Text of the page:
And customs remains the special preserve of the venal, unpleasant "Underground Man."

Moreover, Russian customs officials now seem to delight in enforcing a new regulation as a means of supplementing their apparently meager wages and augmenting their power and authority. As of October, Americans and other foreigners can no longer carry out any U.S. dollars or other hard currencies if this sum is not declared (and stamped) when entering the country. Apparently, foreigners can take in up to $1,500 when entering, but not take out any money when leaving. Prekrasno.

Instead, foreigners are given a number of tantalizing options, such as handing over all their cash to a Russian customs official, who will "safeguard" the money until the foreigner returns to Moscow (if ever). Yet Russian citizens are allowed to carry out up to $10,000 by passing through the green corridor at customs. So it is clear that the real reason for enforcing the regulation is not to stop capital flight. Instead, the point appears to be to annoy, harry and intimidate Westerners as they exit the country.

On Jan. 17, I was told to open my wallet, empty my pockets, open my suitcases and deposit all hard currency on a table to the full amusement of several Russian customs officials. This was despite the sum of money being less than $1,500.

I was made to feel like a third-rate currency speculator from some struggling republic of the former Soviet Union. Or perhaps Russia is now afraid of the American shuttle traders, eager to make a quick buck by selling Levi's jeans, Coca Cola bottles and McDonald's burgers? My guess is that Russia is making one more pathetic attempt to reassert its superpower status and engage in a cat-and-mouse game with U.S. customs and immigration officials, who are even now ratcheting up the stakes for Russian visitors to the United States.

Dominic Basulto
New York and Moscow



No Credit Deserved



In response to a letter from Kirill Pankratov on Jan. 18.

Editor,


I certainly did not expect Russians to congratulate Americans on our devastating victory in Afghanistan. Many more Russian soldiers were killed on any given day of their campaign against relatively tiny, contiguous Chechnya than the United States has lost in the entire effort against larger, remote Afghanistan, and the Soviet Union went down to inglorious defeat in Afghanistan a decade and a half ago.

U.S. victory is, understandably, a bitter pill for Russians to swallow.

But I was utterly shocked to see Pankratov's attempt to assert that Russia deserves some of the credit for the United States' success because it supplied weapons to the Northern Alliance. I am slack-jawed. I was embarrassed to read this comment, a woefully predictable neo-Soviet response to U.S. success.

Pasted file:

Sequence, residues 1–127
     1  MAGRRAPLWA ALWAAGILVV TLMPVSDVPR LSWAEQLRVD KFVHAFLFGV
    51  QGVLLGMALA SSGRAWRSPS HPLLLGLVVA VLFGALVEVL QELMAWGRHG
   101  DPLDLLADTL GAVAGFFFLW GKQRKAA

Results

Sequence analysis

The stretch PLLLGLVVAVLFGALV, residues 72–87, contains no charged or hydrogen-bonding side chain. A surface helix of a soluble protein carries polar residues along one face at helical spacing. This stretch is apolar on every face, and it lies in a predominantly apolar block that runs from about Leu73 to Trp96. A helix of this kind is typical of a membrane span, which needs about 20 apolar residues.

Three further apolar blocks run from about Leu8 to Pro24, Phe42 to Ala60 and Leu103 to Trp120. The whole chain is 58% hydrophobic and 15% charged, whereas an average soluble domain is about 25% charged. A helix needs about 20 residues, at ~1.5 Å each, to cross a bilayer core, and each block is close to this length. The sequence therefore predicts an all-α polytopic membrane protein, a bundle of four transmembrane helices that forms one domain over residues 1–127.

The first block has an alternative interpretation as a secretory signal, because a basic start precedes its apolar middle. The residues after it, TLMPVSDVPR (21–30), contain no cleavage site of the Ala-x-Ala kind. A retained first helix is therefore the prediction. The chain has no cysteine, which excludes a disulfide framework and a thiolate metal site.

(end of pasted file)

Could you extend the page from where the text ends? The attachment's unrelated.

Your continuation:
In fact, Russia has been providing weaponry to the Afghan rebels for years and has often threatened invasion, but the rebels never made any progress at all with Russian support. Indeed, even when the massive U.S. bombing campaign began, the Northern Alliance clung to its crevices in the northern mountains, marching out only when total devastation already lay in its path and U.S. special forces were active on the ground.

Furthermore, it is sheer nonsense to suggest that the goal of the Kremlin's campaign in Chechnya was merely to stop terrorism in Russia, and/or that the campaign has succeeded in doing so.

Many thoughtful commentators have suggested that the Kremlin itself may have bombed the apartments in Moscow in order to stir up hysteria against Chechnya. The Kremlin quickly razed the bombing sites and is conducting the investigation and prosecution of the matter under a shameful cloak of secrecy. Even if Chechens did bomb Moscow, Russia has lost many times more citizens attempting to quell Chechnya than Chechens could possibly have killed via terror, and there is absolutely no reason to think that when Russia relaxes its grip, having totally failed to win an outright victory much less consolidate a new government, such a terror campaign will not be renewed.

Finally, not one neutral international human rights group has condemned any U.S. military action in Afghanistan, while such condemnations of Russian activity in Chechnya are legion, and Russia has thumbed its nose at them.

To accuse the United States of the same sort of barbaric assault on civilians in Afghanistan as Russia has engaged in in Chechnya is ignorant, to say the least.

Michael Linton
Chicago



Chirac Not So Brave?



In response to "3 Cheers For Jacques Chirac," an editorial on Jan. 17.

Editor,


The main reason behind Chirac's "brave" words against the war in Chechnya was the fact that 2002 is in an election year in France, and he was playing to the French people.

One man's terrorist (as most Russian media describe the Chechen fighters) is another man's freedom fighter (or rebel, as The Moscow Times describes them).